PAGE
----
In Munich, Luening received private tutoring in languages, literature, and history. He frequented museums, attended concerts, and in general continued his selfeducation. In 1913 he began private flute studies with Alois Schellhorn and in 1915 enrolled in the Staatliche Hochschule für Musik as its youngest student. He continued to compose and made his concert debut as a flutist in 1916.
When the United States broke off diplomatic relations with Germany in 1917, Luening and his sister Helene moved to Zurich. He continued his musical work at the Zurich Conservatory, where he studied theory, conducting, and score reading with Philipp Jarnach, a former pupil of the composer and pianist Ferruccio Busoni. His studies in Zurich were subsidized by Edith Rockefeller McCormick, who had supported the work of Jarnach and James Joyce. Luening also supported himself by playing percussion and flute in the Zurich Tonhalle Orchestra. In this position he had the opportunity to perform under such conductors as Richard Strauss and Arthur Nikisch. During this time Jarnach introduced him to Busoni, who was very supportive of Luening’s compositional work. Luening met Joyce in 1918, and he performed with Joyce’s theatrical company during the 1918 and 1919 seasons under the stage name of James P. Cleveland.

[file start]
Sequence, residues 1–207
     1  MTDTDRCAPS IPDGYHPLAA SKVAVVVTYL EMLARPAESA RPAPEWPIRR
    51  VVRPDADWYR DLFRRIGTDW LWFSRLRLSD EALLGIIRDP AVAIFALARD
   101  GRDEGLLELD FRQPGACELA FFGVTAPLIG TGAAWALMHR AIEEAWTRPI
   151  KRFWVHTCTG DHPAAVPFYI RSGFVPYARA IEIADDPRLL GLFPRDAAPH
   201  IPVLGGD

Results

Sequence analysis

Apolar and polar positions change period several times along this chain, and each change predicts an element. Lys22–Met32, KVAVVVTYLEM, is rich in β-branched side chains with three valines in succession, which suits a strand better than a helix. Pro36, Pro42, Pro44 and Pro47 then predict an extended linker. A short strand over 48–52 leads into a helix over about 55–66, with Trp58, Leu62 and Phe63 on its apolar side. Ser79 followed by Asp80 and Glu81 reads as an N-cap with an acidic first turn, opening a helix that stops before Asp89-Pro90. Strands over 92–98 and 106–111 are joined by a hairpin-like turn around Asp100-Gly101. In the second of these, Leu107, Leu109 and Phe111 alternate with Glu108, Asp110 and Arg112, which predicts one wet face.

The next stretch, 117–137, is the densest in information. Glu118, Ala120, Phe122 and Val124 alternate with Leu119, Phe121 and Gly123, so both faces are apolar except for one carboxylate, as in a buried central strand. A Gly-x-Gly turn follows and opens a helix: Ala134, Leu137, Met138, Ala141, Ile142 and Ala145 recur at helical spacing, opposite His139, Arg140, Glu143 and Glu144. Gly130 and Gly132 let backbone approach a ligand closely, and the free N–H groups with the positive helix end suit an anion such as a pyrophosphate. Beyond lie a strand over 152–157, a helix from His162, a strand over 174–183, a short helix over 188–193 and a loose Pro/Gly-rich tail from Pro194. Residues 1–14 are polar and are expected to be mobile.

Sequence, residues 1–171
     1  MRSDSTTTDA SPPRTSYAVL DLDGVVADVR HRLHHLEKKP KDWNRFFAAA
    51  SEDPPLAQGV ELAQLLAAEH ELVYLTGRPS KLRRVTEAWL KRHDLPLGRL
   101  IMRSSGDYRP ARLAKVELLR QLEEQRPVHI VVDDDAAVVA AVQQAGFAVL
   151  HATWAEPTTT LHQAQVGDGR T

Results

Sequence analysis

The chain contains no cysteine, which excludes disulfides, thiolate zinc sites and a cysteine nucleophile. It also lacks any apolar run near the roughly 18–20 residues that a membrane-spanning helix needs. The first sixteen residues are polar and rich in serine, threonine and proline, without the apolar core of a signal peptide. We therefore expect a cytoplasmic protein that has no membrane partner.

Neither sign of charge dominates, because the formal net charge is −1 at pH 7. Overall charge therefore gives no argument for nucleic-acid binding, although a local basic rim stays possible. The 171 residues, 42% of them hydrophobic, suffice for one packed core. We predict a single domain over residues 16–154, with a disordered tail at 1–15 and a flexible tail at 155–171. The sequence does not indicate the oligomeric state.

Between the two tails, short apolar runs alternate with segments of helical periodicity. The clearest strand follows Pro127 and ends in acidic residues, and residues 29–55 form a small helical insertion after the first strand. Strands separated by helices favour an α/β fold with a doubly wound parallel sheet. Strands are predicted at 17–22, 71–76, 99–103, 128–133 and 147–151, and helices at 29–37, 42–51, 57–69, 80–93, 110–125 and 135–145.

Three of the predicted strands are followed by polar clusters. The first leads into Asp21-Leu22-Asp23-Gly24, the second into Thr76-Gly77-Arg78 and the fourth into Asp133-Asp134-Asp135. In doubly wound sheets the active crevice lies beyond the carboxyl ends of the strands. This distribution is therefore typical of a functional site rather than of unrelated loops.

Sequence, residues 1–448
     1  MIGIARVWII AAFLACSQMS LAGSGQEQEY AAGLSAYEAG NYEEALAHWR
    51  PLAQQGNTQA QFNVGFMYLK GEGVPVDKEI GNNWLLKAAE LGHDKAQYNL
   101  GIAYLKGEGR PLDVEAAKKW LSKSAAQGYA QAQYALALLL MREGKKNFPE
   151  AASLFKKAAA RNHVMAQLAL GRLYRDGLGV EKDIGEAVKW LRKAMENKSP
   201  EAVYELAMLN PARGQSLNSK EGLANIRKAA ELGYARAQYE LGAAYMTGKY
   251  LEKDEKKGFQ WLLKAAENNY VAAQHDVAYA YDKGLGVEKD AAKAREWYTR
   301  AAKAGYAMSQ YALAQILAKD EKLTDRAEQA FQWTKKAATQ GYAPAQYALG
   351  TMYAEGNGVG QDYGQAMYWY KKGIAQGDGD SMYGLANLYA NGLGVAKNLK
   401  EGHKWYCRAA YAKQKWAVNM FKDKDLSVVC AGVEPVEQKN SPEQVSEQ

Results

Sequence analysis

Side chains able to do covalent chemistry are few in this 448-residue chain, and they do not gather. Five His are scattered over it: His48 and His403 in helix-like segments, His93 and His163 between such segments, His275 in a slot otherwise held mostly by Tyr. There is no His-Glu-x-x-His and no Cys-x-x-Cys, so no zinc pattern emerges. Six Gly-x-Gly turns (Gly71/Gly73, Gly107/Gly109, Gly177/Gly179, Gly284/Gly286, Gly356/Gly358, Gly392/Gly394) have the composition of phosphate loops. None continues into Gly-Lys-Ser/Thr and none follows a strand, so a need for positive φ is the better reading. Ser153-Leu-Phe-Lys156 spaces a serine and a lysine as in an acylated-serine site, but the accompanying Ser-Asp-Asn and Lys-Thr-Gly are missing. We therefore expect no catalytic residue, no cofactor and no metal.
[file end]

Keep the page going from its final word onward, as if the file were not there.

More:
Luening returned to the United States in 1920, settling in Chicago at McCormick’s suggestion. He studied with Wilhelm Middleschulte, a major Bach scholar. In general, Luening found the musical environment in Chicago to be disappointing following his years in Europe. To support himself he played in movie house orchestras, taught music theory, arranged gospel hymns, and conducted choral societies. McCormick continued to encourage his compositional work and arranged for private performances of some of his works at her home. Luening was one of the founders of the American Grand Opera Company in Chicago, which was dedicated to performances of works in English. He conducted the premiere performance of Charles Wakefield Cadman’s opera Shanewis with the company in 1922.